Comments Othello Critique Essay

  • Formalist Critique of Othello Essay Example

    Formalist Critique of Othello Essay Sample. Northrop Frye, noted literary critic, contends that tragedy is carefully outlined, particularly in the Shakespearean tragedies.…

  • A Critical Essay on William Shakespeare’s ‘Othello’ – The.

    Othello’ is a play about powerful narratives.’ Explore the play ‘Othello’ in the light of this view. There are several ways in which ‘Othello’ can be seen as a play about powerful narratives. These include Othello’s sharing of personal exotic narratives about his achievements that are true, Iago’s narratives that are.…

  • Othello Analysis Essay examples - 1133 Words Bartleby

    Free Essay The tragedy of Othello, written by William Shakespeare, presents the main character Othello, as a respectable, honorable, and dignified man, but.…

  • Critical approaches to Othello - The British Library

    There have been numerous interpretations of Othello over the last 400 years. Virginia Mason Vaughan discusses four recent critical approaches feminist, new historicist, marxist and post-colonial. Shakespeare draws upon the Christian-Turkish binary but also undercuts it by making the play’s most…

  • SparkNotes Othello A+ Student Essay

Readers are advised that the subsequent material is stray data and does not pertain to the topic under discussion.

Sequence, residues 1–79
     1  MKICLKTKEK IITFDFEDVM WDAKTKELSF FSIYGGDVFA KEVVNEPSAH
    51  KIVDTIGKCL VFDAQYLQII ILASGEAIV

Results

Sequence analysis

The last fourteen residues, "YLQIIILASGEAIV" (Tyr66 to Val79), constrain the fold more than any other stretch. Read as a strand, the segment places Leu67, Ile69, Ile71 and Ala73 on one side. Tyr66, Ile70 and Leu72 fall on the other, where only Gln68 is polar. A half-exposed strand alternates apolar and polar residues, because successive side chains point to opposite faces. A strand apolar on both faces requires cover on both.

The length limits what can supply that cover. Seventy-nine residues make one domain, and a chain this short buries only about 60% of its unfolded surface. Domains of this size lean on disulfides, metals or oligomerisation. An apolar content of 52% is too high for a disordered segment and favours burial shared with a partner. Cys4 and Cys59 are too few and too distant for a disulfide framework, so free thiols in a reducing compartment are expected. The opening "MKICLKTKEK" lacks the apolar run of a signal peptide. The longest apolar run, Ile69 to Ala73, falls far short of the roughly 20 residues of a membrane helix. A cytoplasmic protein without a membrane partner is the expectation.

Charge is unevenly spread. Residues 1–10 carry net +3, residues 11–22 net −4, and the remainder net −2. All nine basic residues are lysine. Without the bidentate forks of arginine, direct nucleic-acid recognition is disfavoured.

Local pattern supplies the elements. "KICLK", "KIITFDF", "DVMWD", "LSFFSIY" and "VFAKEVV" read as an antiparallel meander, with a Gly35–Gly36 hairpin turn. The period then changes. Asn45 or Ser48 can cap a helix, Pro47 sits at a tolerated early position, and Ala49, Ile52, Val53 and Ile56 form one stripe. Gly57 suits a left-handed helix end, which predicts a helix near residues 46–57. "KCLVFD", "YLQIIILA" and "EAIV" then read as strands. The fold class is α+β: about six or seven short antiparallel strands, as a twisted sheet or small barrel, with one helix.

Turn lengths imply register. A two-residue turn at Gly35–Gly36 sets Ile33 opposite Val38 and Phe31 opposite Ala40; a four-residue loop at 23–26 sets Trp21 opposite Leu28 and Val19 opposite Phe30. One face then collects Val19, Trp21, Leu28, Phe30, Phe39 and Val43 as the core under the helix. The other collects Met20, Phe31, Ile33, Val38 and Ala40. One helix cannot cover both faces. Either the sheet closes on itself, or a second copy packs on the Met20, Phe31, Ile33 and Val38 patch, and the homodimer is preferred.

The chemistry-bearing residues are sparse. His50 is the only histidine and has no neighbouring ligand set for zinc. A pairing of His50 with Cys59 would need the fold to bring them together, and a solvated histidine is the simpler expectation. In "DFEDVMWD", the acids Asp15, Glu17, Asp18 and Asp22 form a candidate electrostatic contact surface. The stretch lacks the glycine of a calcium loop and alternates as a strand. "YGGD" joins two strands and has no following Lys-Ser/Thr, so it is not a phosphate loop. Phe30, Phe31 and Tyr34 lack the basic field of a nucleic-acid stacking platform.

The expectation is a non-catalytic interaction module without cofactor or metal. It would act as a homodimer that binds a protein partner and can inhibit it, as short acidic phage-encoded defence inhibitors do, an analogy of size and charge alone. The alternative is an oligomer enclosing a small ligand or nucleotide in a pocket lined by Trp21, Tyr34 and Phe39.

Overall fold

A+ Student Essay. Discuss the role that race plays in Shakespeare’s portrayal of Othello. How do the other characters react to Othello’s skin color or to the fact that he is a Moor?…

  • Formalist critique - Othello Essay Example Graduateway

    Formalist critique – Othello Essay. Formalist critique – othello. Othello was written between 16. It was performed in the court in the autumn of 1604.…

  • Othello Critical Evaluation - Essay -

    Although Othello has frequently been praised as William Shakespeare’s most unified tragedy, many critics have found the central character to be the most unheroic of Shakespeare’s heroes.…

  • Critique On Othello The Moor Of Venice English Literature.

    Critique On Othello The Moor Of Venice English Literature Essay. 1930 words 8 pages Essay in English Literature. 5/12/16 English Literature Reference this…

  • Major Themes -

    Explore the different themes within William Shakespeare's tragic play, Othello. Themes are central to understanding Othello as a play and identifying Shakespeare's social and political commentary.…

  • Racism, misogyny and ‘motiveless malignity’ in Othello.

    In a country where few people outside London would ever have seen a black person, and centuries before the problems that fuel the tragedy became as ubiquitous and pressing as they are today, Shakespeare produced in Othello a searing critique of racial and sexual injustice, which is more powerful now in the 21st century than it could ever have been at the dawn of the 17th.…

The Latest from gbo33.ru ©